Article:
Prey (2017) & the GLOO Cannon

Prey is an immersive sim meaning a lot of emphasis is placed on open-ended missions and level design, exploration for resources, and player freedom while surviving in the space station, Talos I. Through skill trees, you can spec in many different character builds that fits your gameplay style. Maybe you want to avoid enemies all together and be a sneaky hacker or have the many turrets and security bots fight for you after you repair them, maybe you want to face the enemies head on by focusing on guns and the leverage skill so you can hurl sofas and water coolers at them. The game caters to however you want to play, but no matter how you choose to build your character, there is always one common denominator: the GLOO Cannon is the most useful tool in your inventory.

The Gelifoam Lattice Organism Obstructor (GLOO) Cannon was not made to be a weapon; it’s a tool. It’s only through the ingenuity of the player character, Morgan Yu, that it has any use in a fight. The Cannon shoots out globs of foam that stick to surfaces, expanding and hardening into about basketball-sized clumps. Apparently these hardened clumps are called “splats,” but they look more like pieces of popcorn to me so that is how I will refer to them. This popcorn doesn’t do any damage to enemies on its own, but it does slow them down and completely immobilize them after enough has formed on them. The helpfulness of this cannot be overstated since all enemies in the game are extremely fast, zipping around rooms unbelievably quickly. If you do not slow these creatures down, they will quickly close in and take a bite out of you. The GLOO cannon is very useful to hold them in one place so you can go on the offensive. Luckily, besides just being slowed down, enemies encased in the GLOO take increased damage, especially from the wrench. You’ll quickly find yourself relying on a quick GLOO Cannon to wrench flowchart while fighting enemies—similar to the Electro Bolt to wrench combo in Bioshock and it’s just as satisfying here as in that game.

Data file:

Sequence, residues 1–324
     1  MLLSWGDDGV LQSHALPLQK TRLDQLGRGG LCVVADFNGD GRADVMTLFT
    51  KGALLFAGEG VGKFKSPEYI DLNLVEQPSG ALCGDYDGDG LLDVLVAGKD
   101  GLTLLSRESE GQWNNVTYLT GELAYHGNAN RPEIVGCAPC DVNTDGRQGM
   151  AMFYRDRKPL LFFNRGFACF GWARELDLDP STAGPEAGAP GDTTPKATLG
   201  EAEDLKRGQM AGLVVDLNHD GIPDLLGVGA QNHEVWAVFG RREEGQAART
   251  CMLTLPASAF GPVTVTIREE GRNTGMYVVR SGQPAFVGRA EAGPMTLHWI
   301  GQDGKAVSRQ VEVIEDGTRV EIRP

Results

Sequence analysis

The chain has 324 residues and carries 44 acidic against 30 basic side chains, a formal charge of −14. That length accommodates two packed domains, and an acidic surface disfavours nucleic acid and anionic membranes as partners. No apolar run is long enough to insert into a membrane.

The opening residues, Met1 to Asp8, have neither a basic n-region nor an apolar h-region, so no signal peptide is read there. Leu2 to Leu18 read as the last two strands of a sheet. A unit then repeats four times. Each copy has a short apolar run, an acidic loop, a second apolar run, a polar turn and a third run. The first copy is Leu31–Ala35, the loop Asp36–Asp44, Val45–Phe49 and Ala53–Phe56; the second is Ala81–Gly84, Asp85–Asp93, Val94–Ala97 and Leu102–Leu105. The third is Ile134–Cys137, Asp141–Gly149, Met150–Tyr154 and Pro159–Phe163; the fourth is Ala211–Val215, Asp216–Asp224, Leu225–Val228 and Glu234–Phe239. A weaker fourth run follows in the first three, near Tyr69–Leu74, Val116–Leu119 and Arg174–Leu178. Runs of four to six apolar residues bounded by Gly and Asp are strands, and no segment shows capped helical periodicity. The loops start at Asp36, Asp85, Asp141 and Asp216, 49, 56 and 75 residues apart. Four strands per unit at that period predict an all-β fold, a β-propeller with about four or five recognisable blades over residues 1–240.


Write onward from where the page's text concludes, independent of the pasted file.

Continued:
Again, though, the GLOO Cannon was never meant to be used as a weapon, it was designed as a tool and with that comes uses for it outside of combat. The first uses you’ll learn is to use the GLOO Cannon to take care of hazards around Talos I. Since the popcorn is nonconductive, it can be used to cover broken electrical panels shooting lightning out into the room. Once covered, you can repair the panel in order to stop the lightning if you specced into that build or simply walk past it and deal with it again when returning to the area. The popcorn is also flame retardant, so spray it on a burst of fire coming from a broken pipe and you can safely pass. These are all interesting little uses, but they are very situational. It aids exploration by reducing hazards, but GLOO Cannon’s real use outside of combat is how it lets the player access new areas.

The GLOO can be formed on any surface besides glass and is strong enough to even support the weight of a human being. This means that the Cannon can be used by the player to create climbable popcorn staircases to access out of reach areas or rooms that would typically need a much longer route to enter. You may discover this by accident, by missing an enemy and hitting a wall, but if not, the developers left a few examples of these stairs hanging off walls around Talos I. This technique reminds me so much of the wall jump from Super Metroid—it’s handled as a bonus use that helps you navigate the game world in not the obvious way, but players don’t actually ever need to use it to succeed and they may not even ever discover it. It all depends on how involved in the game you get—how far down the blackhole you fall.

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